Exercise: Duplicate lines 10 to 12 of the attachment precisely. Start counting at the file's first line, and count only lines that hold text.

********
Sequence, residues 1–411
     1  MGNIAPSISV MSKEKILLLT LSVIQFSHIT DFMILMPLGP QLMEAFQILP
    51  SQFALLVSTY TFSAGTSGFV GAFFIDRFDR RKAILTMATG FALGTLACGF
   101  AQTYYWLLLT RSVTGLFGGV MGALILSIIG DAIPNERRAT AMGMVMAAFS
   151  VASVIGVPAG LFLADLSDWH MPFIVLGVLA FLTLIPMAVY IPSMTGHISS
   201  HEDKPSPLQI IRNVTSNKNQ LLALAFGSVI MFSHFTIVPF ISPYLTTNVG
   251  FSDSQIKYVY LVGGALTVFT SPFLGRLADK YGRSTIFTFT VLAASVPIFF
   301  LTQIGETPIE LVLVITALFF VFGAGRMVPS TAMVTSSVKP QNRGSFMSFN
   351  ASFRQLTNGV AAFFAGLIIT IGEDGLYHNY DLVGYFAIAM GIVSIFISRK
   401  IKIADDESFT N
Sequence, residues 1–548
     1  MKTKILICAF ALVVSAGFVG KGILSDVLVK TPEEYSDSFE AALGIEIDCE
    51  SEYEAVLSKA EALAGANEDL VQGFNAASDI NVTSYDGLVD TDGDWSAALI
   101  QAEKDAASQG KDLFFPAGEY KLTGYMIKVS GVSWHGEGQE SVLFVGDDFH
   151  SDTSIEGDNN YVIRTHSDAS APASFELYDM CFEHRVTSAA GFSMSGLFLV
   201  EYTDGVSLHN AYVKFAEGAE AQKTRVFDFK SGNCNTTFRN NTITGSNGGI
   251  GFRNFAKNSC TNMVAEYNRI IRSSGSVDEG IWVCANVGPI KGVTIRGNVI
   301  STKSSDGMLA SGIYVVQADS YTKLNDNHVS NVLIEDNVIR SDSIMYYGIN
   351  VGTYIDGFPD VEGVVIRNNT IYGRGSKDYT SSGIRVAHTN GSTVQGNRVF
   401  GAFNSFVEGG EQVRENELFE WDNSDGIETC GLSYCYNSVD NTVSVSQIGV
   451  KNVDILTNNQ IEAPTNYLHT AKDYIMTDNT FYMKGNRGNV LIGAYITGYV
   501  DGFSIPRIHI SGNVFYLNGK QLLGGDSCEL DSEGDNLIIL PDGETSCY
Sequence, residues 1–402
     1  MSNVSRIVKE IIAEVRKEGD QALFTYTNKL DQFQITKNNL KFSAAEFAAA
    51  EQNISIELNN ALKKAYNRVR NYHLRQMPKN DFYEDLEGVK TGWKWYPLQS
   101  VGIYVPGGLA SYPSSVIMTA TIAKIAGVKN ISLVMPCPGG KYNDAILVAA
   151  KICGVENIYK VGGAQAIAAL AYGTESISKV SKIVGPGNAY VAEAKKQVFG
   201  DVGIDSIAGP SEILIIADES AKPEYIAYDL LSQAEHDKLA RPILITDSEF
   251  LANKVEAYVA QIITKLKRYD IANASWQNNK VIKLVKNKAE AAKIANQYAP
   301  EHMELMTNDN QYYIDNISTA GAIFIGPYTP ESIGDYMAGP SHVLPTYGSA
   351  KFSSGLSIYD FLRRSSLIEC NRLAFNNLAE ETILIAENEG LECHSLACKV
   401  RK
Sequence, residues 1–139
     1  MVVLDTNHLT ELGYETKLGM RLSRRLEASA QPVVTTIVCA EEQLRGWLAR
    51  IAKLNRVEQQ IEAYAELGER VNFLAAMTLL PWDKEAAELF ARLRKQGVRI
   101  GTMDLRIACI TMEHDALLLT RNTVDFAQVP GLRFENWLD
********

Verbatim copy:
   401  IKIADDESFT N
Sequence, residues 1–548
     1  MKTKILICAF ALVVSAGFVG KGILSDVLVK TPEEYSDSFE AALGIEIDCE